I've been watching Sidney Coleman's QFT lectures (http://www.physics.harvard.edu/about/Phys253.html). I've gotten up to his discussion of functional integration, and I have some questions.(adsbygoogle = window.adsbygoogle || []).push({});

He starts out by discussing a finite-dimensional integral of a Gaussian function: [itex]\int{\frac{d^n x}{(2\pi)^{n/2}}e^{-\frac{1}{2}xAx}} = (det A)^{-1/2}[/itex], where [itex]x[/itex] is an n-dimensional vector, and [itex]A[/itex] an n-dimensional symmetric matrix. So far, that makes sense--if you diagonalize [itex]A[/itex], it just turns into the product of [itex]n[/itex] Gaussian integrals. He then goes on to discuss the integral of a polynomial times a Gaussian, [itex]\int{\frac{d^n x}{(2\pi)^{n/2}}P(x)e^{-\frac{1}{2}xAx}}[/itex], where [itex]P(x)[/itex] is a polynomial. Seemingly out of nowhere, he gives the result of this integral as [itex]P(-\frac{\partial}{\partial b})(det A)^{-1/2}[/itex]. I have absolutely no idea where this comes from.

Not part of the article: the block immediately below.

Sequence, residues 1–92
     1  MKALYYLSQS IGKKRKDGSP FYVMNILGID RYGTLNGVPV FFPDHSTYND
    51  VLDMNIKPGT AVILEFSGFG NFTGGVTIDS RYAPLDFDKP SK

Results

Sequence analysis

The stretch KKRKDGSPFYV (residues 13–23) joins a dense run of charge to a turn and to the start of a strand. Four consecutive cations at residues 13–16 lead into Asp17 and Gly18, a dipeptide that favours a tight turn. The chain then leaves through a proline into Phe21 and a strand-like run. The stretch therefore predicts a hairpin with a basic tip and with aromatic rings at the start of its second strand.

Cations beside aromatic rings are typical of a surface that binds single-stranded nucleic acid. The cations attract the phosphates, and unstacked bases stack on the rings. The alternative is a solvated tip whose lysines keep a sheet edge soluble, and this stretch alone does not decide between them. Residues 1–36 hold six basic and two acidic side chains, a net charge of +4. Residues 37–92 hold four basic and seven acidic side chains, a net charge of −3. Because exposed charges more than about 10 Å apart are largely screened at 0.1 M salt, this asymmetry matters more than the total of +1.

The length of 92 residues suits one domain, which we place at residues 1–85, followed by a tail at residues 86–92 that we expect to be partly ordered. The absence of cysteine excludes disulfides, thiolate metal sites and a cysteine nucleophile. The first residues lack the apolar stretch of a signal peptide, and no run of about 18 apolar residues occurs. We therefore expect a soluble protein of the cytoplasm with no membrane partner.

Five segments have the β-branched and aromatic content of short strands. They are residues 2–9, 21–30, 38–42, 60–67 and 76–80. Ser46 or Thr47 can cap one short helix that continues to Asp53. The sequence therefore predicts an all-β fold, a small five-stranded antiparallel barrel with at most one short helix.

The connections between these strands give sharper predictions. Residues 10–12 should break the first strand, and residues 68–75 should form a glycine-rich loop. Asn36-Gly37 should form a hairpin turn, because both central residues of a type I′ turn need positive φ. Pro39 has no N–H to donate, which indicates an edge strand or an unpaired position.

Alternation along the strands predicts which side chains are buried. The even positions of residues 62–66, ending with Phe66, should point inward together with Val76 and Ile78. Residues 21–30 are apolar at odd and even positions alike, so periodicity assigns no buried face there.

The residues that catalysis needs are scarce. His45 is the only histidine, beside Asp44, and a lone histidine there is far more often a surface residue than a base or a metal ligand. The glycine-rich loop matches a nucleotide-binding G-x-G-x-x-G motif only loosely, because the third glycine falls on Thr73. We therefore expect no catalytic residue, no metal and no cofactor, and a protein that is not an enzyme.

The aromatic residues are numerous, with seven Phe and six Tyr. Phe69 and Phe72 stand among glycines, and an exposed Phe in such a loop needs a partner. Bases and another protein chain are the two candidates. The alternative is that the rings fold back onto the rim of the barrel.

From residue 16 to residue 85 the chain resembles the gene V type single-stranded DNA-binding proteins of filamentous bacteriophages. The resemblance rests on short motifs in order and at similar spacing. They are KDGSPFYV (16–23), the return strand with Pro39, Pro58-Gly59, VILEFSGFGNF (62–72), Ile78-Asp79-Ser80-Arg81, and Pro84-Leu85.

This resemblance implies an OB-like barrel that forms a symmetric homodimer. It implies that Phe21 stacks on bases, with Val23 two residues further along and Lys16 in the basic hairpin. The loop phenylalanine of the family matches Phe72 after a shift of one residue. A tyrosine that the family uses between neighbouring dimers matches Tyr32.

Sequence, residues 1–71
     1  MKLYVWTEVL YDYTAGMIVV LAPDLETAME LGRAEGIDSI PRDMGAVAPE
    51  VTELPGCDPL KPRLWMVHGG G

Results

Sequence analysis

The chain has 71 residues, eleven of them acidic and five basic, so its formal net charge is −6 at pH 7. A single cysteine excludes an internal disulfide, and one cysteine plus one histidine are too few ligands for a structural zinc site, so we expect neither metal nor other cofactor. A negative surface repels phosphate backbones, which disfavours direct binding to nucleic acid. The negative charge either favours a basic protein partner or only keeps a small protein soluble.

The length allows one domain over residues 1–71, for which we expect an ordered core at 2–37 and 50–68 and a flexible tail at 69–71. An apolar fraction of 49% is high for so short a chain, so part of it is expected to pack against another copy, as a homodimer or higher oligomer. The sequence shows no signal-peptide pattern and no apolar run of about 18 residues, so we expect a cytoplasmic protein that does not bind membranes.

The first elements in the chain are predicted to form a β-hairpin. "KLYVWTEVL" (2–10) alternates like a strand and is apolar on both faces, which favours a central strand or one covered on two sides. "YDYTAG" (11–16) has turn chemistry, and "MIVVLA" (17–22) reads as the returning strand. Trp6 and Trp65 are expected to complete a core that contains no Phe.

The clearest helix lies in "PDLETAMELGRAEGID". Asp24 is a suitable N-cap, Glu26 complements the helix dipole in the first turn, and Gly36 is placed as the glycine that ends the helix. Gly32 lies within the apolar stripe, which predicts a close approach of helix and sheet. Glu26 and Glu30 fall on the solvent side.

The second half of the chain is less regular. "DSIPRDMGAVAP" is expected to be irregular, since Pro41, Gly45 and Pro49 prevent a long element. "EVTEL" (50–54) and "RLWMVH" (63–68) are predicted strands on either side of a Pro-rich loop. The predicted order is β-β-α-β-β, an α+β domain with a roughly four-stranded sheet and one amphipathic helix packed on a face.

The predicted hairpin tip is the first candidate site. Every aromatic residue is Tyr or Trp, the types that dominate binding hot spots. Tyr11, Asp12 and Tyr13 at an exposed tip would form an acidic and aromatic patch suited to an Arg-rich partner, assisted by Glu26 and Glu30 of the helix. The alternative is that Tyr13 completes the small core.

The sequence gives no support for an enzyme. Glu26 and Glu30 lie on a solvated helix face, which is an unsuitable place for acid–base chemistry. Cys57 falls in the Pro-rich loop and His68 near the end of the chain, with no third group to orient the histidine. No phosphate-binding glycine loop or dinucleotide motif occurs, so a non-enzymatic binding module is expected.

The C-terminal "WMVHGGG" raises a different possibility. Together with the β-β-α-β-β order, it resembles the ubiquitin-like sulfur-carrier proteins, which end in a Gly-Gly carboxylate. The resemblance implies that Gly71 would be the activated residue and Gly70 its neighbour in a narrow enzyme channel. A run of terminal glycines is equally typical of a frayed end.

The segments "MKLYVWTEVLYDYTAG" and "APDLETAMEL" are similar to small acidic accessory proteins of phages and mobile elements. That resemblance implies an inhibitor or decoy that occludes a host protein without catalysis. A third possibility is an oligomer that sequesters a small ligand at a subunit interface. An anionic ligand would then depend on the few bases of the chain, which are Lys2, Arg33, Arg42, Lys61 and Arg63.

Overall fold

Google is turning up bits and pieces of information on this, but nothing I can make a complete picture out of. The best I've been able to work out is that it's in some way related to differentiating under the integration sign, but I can't quite put the pieces together. This is clearly going to become important in the subsequent sections, where we're going to go on to develop the path integral formulation of QFT, so I'd really like to figure this out. Can anybody shed any light on how this works?

**Physics Forums | Science Articles, Homework Help, Discussion**

Join Physics Forums Today!

The friendliest, high quality science and math community on the planet! Everyone who loves science is here!

The friendliest, high quality science and math community on the planet! Everyone who loves science is here!

# Functional integral theorem

**Physics Forums | Science Articles, Homework Help, Discussion**